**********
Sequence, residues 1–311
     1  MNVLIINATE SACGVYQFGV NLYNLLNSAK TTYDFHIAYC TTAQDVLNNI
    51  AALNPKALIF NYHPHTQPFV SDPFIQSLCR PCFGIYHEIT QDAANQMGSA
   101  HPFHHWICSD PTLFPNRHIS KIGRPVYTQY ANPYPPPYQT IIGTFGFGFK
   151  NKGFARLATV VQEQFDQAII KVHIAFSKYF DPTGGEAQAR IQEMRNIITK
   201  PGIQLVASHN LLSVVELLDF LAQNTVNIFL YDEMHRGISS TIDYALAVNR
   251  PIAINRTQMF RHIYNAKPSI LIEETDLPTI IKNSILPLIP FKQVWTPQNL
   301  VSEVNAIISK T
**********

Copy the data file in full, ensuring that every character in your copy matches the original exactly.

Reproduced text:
Sequence, residues 1–311
     1  MNVLIINATE SACGVYQFGV NLYNLLNSAK TTYDFHIAYC TTAQDVLNNI
    51  AALNPKALIF NYHPHTQPFV SDPFIQSLCR PCFGIYHEIT QDAANQMGSA
   101  HPFHHWICSD PTLFPNRHIS KIGRPVYTQY ANPYPPPYQT IIGTFGFGFK
   151  NKGFARLATV VQEQFDQAII KVHIAFSKYF DPTGGEAQAR IQEMRNIITK
   201  PGIQLVASHN LLSVVELLDF LAQNTVNIFL YDEMHRGISS TIDYALAVNR
   251  PIAINRTQMF RHIYNAKPSI LIEETDLPTI IKNSILPLIP FKQVWTPQNL
   301  VSEVNAIISK T